‘That –’ he cracked a grin – ‘was amazing!’

He clapped me on the shoulder so hard he dislocated several joints. ‘Join me for dinner! We can kill Otis and Marvin!’


No Spoilers. Thor Is Way Behind on His Shows

Yep. we killed the goats.

Thor promised they would be resurrected good as new the next morning, so long as we didn’t break any bones. Otis assured me frequent death was good for his exposure therapy. Marvin growled at me to get on with it and not be a weak-kneed wimp.

It was a lot easier killing Marvin.

After two years of homelessness, I thought I knew how tough it could be to keep myself fed, but let me tell you: killing and butchering an animal for my own supper was a new experience. You think it’s gross to pull a half-eaten sandwich out of a bin? Try skinning a goat, cutting it into chunks, building a fire, then cooking the meat on a spit while attempting to ignore the goat heads staring at you from the scrap pile.

You might assume that kind of experience would turn me into a vegetarian. But nope. As soon as I smelled the cooking meat, my hunger took over. I forgot all about the horrors of goat slaughter. Those Otis-kebabs were the best things I ever tasted.

As we ate, Thor chatted about giants, Jotunheim and his opinions of Midgard television shows, which, for some reason, he followed religiously. (Can I say a god did something religiously?)

‘Giants!’ He shook his head in disgust. ‘After all these centuries, you’d think they would learn to stop invading Midgard. But no! They’re like the … what is it? The League of Assassins in Arrow! They just keep coming back! As if I would let anything happen to humans! You guys are my favourite species!’

He patted my cheek. Fortunately, he had taken off his iron gloves, or he would’ve broken my jaw. Unfortunately, he hadn’t washed his hands after gutting the goats.

Hearthstone sat at the fire, nibbling on a piece of Marvin haunch. He was getting some of his strength back, though every time I looked at him I had to force myself not to sob. I wanted to hug the poor guy, bake him a batch of cookies and tell him how sorry I was about his crappy childhood, but I knew he wouldn’t want pity. He wouldn’t want me to start treating him differently.

Still … the empty-cup runestone weighed heavily in my coat pocket.

Sam stayed at the edge of the fire, as far from Thor as she could get. She said as little as possible and made no sudden movements, which meant that most of Thor’s attention was on me.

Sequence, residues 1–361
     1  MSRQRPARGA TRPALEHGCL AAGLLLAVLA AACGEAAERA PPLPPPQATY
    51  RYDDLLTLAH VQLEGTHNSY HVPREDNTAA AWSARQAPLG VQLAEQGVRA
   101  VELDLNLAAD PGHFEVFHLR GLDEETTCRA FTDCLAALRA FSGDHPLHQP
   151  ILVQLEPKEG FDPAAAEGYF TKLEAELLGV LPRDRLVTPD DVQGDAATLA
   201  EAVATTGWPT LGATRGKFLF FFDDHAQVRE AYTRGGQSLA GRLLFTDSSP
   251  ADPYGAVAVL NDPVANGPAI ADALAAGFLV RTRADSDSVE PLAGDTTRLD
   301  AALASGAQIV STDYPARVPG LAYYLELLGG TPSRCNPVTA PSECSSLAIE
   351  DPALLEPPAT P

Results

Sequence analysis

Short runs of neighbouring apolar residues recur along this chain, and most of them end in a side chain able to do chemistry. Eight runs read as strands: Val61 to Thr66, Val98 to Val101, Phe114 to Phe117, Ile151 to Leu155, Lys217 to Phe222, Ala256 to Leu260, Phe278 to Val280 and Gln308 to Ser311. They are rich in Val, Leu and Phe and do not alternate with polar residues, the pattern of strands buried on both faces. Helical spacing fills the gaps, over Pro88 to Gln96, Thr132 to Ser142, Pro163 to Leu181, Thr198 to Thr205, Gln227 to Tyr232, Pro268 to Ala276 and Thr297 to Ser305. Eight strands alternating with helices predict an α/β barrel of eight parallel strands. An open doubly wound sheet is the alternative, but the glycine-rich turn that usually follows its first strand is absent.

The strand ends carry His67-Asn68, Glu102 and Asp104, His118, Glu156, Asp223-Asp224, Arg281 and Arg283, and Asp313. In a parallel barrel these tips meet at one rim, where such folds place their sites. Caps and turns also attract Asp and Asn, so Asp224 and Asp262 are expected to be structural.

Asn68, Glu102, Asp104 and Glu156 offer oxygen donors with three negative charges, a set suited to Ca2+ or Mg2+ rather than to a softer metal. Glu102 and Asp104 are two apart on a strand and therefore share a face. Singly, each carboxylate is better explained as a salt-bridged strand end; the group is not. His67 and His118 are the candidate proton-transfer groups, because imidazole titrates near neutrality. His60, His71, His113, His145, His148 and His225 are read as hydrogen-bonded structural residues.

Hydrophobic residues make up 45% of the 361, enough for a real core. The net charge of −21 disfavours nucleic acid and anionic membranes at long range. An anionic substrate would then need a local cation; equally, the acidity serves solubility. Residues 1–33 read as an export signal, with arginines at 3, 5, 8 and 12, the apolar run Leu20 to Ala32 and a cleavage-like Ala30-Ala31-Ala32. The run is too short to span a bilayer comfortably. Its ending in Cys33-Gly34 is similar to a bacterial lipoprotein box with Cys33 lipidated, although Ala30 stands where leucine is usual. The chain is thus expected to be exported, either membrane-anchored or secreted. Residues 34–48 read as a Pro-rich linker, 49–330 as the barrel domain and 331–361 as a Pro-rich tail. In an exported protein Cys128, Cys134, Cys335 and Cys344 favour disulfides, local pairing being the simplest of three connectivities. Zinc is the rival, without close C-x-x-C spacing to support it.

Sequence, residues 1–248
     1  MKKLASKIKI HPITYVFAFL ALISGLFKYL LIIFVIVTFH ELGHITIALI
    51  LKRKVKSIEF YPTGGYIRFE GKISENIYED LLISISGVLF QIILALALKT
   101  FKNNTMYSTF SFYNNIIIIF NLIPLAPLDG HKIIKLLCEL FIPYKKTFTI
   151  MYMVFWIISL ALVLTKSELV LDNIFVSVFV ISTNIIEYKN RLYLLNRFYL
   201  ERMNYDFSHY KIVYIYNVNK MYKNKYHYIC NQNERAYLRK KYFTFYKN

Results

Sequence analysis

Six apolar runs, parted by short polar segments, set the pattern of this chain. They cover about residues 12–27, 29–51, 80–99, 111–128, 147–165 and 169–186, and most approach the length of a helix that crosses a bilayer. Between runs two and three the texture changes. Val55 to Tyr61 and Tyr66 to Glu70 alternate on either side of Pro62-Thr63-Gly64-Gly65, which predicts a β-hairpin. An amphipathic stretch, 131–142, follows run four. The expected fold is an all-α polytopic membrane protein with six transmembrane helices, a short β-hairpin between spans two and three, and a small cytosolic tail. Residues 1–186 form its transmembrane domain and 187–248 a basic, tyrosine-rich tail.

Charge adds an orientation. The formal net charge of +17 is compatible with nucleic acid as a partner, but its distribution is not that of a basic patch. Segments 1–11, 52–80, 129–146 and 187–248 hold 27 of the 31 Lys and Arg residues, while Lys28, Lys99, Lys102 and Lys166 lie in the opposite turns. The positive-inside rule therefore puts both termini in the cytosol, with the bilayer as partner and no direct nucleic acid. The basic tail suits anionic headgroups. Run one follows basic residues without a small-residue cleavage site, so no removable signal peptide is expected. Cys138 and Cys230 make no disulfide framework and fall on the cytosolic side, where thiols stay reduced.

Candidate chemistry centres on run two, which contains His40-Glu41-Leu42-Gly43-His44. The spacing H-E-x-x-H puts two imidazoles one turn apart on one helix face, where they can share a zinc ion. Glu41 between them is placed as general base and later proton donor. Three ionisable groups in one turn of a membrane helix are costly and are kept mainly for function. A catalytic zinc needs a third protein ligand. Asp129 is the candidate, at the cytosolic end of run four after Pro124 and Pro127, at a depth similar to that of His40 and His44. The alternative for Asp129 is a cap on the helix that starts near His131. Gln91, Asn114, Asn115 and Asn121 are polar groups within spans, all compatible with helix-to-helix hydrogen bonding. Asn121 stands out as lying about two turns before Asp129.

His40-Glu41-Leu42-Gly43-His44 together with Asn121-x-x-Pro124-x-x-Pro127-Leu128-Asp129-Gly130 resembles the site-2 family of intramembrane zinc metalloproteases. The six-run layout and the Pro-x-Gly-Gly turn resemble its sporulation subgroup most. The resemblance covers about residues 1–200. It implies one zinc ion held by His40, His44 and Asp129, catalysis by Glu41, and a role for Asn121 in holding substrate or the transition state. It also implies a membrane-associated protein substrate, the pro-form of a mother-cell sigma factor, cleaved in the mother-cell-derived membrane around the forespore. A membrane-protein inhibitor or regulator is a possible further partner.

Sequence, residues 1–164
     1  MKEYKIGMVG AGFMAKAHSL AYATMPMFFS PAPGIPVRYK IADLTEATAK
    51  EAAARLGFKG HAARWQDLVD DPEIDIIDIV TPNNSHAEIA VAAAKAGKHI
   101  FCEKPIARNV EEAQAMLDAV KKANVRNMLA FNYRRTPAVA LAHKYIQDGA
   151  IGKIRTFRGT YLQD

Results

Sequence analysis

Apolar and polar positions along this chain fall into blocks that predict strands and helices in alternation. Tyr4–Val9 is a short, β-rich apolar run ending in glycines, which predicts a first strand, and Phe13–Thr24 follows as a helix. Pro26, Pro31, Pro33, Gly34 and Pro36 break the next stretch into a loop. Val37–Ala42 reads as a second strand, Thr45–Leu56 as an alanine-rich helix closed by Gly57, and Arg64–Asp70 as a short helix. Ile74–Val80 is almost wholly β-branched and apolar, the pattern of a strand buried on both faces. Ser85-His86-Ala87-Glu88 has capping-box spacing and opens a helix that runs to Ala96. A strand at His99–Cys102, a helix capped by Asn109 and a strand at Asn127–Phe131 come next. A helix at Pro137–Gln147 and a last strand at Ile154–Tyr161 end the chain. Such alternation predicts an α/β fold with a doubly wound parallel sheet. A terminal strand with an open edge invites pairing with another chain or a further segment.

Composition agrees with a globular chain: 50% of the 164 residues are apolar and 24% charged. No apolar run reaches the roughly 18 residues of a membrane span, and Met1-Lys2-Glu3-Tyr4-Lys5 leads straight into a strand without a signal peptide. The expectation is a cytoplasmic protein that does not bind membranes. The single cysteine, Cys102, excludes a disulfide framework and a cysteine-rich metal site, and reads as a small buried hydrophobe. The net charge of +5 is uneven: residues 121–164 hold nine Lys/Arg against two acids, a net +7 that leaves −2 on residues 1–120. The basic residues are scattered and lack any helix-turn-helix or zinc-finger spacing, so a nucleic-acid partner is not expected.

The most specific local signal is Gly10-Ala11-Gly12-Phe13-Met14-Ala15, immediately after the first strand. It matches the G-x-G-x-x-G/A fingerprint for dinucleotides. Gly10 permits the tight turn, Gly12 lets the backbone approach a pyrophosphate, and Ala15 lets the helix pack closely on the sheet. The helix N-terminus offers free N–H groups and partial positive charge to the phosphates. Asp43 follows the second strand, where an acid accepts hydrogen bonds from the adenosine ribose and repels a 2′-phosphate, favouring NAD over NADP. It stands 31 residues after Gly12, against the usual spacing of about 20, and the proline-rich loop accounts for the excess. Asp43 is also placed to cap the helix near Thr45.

Everything the thunder god did, he did with gusto. He loved cooking his goats. He loved eating

and drinking mead. He loved telling stories. And he loved farting. Boy, did he love farting. When he got excited, sparks of electricity flew from his hands, his ears and … well, I’ll leave the rest to your imagination.

Unlike his movie version, there was nothing polished about Thor. His face was handsome in a beat-up way, like he’d spent years in the boxing ring. His chain mail was filthy. His leather jerkin and trousers had worn to the colour of dirty snow. Tattoos covered his muscular arms. On his left biceps, SIF was inscribed inside a heart. Around his right forearm coiled a stylized World Serpent. Across his knuckles on either hand, in block letters, were the names MAGNI and MODI. At first I was nervous about the name Magni, because it was so close to Magnus – the last thing I wanted was my name printed across the thunder god’s fist – but Sam assured me, quietly, that it was a totally different name.

Thor regaled me with his theories about a hypothetical death match between Daryl from The Walking Dead and Mike from Breaking Bad. Back when I was hanging out on the sidewalks of Boston, I would’ve been happy to talk TV for hours just to pass the time, but now I had a quest looming. We’d lost a whole day to unconsciousness. Speculating on the new autumn line-up wasn’t going to mean much if the world was consumed in flames three days from now.

Still, Thor was having so much fun it was hard to change the subject.

‘So what do think?’ he asked. ‘Best villain in an ongoing series?’

‘Uh … wow, tough one.’ I pointed at his knuckles. ‘Who are Magni and Modi?’

‘My sons!’ Thor beamed. With the goat grease in his beard and the random electrical sparks flying from his fingers, I was worried he might set himself on fire. ‘I’ve got a lot of sons, of course, but they’re my favourites.’

‘Yeah?’ I asked. ‘How old are they?’

He frowned. ‘Ah, this is embarrassing, but I’m not sure. They might not even be born yet.’

‘How –?’

‘Magnus,’ Sam interrupted, ‘Lord Thor’s two sons Magni and Modi are fated to survive Ragnarok. Their names are spoken in the prophecies of the Norns.’

‘That’s right!’ Thor leaned towards Sam. ‘Who are you again?’

‘Uh … Sam, my lord.’

‘You have a familiar aura, girl.’ The god furrowed his red eyebrows. ‘Why is that?’

‘I was a Valkyrie …?’ Sam inched backwards.

‘Oh. Maybe that’s it.’ Thor shrugged. ‘You’ll have to excuse me. I’ve been on three thousand, five hundred and six consecutive deployments to the eastern front, keeping the giants at bay. I get a little jumpy sometimes.’

Hearthstone signed, And gassy.

Thor belched. ‘What did the elf say? I do not speak Gesticulation.’

‘Um, he was wondering how you keep current on television,’ I said, ‘seeing as you’re out in the field so much.’

Thor laughed. ‘I have to do something to keep myself sane!’

Hearthstone signed, How’s that working out for you?

‘The elf agrees!’ Thor guessed. ‘I can watch my shows anywhere, or at least I could. Among its many other powers, my hammer Mjolnir got full bars of service and HD resolution in any of the Nine Worlds!’

‘Got, past tense?’ Sam asked.

Thor cleared his throat loudly. ‘But enough about television! How’s that goat meat? You didn’t break any bones, did you?’

Sam and I exchanged looks. When we’d first introduced ourselves to the god, I’d found it strange that Thor didn’t have his hammer. It was sort of his signature weapon. I’d figured maybe it was just in disguise, like my sword. Now I